Emma: A Victorian Romance is a sweet, languid romantic story of class-crossed lovers in London. In Victorian England the idea of a maid and an heir to a business fortune falling in love was just not allowed. For Emma and William Jones, they have to figure out if they are willing to go against society in order to be together.
Emma is a maid-of-all in the household of Kelly Stowner who used to be the Governess for the Jones’ family. When William Jones comes to visit his old Governess, he quickly falls for Emma despite their class difference. As their relationship grows they encounter a lot of resistance from the outside world as well as the people they are closest to.
Emma is a sweet story but it can be quite slow, especially in the beginning. One possibility for this may be that the writers were trying to emulate the flow of the society during that time period. The problem with this is that it makes the show hard to get through for the first three or so episodes. Once the characters finally start to encounter problems, the story begins to take shape and you are brought into the drama. So don’t get too frustrated if it seems a little too slow for you in the beginning, it takes hold.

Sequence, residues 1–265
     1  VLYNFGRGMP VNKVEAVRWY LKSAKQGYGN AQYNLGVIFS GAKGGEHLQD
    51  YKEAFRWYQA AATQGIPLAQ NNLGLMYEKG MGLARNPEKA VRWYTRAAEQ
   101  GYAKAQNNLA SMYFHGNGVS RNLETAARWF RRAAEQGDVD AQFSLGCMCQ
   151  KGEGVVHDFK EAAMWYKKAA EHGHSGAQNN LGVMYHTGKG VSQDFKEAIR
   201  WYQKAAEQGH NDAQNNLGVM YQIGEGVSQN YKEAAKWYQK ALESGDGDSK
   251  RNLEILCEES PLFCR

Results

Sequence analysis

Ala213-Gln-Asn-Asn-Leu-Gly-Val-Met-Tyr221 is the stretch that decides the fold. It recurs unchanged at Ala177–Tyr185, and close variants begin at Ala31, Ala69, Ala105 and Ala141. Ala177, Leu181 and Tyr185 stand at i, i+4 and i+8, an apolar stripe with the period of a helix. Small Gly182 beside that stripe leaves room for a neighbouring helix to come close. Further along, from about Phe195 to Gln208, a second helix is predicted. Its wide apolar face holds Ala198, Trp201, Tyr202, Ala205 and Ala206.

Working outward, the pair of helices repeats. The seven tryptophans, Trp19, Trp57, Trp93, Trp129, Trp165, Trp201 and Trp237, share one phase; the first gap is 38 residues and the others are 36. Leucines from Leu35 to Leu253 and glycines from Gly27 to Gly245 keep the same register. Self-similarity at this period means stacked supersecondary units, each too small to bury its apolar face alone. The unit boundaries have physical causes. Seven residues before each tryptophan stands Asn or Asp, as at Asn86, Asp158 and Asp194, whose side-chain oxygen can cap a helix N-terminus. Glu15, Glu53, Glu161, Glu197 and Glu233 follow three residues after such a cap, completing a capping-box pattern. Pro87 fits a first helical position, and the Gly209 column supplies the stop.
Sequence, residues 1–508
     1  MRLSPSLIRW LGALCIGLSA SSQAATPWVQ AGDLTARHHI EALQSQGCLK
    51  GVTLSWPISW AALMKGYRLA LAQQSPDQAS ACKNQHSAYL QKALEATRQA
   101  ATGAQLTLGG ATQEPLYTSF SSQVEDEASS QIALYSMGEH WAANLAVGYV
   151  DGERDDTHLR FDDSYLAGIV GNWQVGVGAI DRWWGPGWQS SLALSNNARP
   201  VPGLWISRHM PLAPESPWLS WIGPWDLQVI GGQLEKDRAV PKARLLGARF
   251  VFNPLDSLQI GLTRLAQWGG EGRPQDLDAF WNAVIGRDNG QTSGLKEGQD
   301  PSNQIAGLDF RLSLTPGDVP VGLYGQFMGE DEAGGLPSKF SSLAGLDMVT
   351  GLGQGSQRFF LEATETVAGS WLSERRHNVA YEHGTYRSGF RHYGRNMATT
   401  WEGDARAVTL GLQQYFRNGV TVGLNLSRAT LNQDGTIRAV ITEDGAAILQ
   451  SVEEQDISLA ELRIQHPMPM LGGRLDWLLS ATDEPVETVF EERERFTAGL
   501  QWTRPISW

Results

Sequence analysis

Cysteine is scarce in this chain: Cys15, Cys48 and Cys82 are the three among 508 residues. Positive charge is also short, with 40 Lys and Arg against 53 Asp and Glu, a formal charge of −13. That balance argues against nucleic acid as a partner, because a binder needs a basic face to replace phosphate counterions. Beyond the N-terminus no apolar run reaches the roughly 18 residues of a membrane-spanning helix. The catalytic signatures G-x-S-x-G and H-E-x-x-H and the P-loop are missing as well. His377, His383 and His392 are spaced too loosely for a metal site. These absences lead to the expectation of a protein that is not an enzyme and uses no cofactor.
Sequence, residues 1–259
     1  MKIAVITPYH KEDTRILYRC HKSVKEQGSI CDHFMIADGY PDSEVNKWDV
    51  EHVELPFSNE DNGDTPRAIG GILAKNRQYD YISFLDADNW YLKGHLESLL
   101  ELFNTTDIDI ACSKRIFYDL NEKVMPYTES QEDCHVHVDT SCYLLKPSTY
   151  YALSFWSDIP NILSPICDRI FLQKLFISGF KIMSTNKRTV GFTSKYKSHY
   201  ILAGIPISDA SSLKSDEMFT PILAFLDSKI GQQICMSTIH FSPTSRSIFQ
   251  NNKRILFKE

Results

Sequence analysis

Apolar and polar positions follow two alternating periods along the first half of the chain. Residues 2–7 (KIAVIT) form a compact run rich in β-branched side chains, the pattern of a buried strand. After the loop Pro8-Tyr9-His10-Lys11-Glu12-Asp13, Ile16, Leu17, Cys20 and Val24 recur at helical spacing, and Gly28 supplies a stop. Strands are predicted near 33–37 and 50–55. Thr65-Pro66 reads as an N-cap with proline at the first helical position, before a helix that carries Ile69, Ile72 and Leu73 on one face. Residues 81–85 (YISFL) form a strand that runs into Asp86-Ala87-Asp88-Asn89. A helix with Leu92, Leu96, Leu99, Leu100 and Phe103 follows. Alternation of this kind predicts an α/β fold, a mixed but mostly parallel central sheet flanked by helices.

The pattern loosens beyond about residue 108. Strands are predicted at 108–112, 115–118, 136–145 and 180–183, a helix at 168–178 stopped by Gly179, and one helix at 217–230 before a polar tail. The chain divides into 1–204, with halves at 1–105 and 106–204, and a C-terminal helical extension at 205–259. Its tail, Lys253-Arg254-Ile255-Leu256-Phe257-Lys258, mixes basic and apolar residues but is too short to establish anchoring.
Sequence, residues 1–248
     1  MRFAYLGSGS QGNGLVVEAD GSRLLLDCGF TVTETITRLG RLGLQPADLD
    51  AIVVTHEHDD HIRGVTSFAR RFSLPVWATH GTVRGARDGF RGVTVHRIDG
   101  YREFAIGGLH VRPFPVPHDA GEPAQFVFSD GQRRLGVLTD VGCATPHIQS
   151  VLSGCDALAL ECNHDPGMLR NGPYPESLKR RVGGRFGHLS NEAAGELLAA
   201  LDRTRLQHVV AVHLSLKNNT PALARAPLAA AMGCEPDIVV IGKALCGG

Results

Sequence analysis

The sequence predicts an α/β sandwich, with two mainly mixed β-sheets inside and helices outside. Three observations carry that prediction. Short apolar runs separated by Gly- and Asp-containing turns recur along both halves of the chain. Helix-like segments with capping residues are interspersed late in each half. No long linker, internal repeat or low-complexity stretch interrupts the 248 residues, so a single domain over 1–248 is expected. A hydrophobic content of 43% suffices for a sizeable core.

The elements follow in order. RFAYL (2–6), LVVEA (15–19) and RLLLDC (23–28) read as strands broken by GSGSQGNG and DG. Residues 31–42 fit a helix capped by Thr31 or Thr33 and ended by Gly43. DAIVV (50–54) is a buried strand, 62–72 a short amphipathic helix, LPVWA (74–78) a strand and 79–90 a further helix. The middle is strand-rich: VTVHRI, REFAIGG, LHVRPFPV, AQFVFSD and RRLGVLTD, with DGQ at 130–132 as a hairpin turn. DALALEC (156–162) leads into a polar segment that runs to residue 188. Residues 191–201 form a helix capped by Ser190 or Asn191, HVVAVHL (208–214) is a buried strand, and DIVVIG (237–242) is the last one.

In terms of being an anime based in a historical time period, the writers and art directors did a pretty good job of making it historically accurate. The one thing I noticed right away was the fact that the maids wore the same black and white uniforms all day. This is not how it was during the Victorian Era; the black and white uniforms were worn later in the day while more ‘work-friendly’ dresses would have been worn in the morning when the cleaning was being done. From an anime stand point it is much easier to have the maids wear the same outfits all day long to make the animation easier to produce. If this is the only thing I feel was wrong with the historical accuracy, they did just fine.
One of the scenes which I found to be particularly interesting takes place at the Crystal Gardens. Today, whilst beautiful, the Crystal Gardens have lost a little of their wonder because of further advancements in architecture and conservatories. Emma manages to show how much cultural emphasis would have been placed on a location like this during the Victorian Era. Not only was it the idea of Queen Victoria’s husband Prince Albert but it was also a collection of plants and art from around the world. This essentially allowed the British people to feel as if they are visiting the rest of the world without leaving their own city. A sentiment that would have been quite popular then and perhaps still today.